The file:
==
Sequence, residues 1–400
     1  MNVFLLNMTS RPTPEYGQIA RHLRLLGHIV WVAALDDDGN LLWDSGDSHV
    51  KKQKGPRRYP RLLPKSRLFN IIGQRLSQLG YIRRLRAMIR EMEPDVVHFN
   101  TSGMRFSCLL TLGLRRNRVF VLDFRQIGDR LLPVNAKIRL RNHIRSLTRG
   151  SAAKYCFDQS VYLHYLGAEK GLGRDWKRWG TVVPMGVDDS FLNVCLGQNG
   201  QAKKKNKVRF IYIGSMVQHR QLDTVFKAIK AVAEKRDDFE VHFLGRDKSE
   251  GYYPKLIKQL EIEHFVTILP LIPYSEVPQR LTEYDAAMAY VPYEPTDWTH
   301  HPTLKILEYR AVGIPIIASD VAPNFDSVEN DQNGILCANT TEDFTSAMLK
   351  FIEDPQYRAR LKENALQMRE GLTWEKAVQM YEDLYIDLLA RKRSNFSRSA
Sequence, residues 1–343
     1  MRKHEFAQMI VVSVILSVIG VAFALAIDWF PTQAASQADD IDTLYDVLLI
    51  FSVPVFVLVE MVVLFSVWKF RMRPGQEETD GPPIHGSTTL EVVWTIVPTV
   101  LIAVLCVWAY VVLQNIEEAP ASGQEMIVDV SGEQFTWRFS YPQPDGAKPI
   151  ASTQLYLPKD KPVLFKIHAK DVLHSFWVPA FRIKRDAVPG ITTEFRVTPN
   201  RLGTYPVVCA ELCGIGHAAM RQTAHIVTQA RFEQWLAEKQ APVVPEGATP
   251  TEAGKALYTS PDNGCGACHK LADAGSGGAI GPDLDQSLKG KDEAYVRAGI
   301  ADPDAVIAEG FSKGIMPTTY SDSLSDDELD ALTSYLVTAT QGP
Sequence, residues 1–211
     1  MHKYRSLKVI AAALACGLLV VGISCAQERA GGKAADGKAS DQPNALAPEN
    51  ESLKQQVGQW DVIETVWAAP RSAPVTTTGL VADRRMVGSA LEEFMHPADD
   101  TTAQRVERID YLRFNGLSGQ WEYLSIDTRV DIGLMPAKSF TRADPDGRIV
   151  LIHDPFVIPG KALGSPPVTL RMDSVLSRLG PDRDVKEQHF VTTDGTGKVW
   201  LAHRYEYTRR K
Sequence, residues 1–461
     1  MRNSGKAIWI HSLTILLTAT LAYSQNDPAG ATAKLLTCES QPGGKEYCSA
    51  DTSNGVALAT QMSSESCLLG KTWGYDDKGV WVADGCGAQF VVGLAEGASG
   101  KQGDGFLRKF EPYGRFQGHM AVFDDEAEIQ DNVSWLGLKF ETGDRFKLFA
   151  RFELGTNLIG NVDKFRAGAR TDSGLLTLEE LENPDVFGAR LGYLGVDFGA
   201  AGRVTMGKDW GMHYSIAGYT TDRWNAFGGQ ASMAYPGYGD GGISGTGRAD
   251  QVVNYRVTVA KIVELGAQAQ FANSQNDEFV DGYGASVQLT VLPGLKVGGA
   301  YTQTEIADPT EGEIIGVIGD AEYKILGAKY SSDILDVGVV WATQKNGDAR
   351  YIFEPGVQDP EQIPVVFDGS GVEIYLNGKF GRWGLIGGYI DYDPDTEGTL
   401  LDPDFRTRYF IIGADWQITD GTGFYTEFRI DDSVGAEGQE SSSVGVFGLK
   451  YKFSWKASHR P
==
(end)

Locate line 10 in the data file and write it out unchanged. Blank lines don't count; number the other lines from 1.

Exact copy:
Sequence, residues 1–343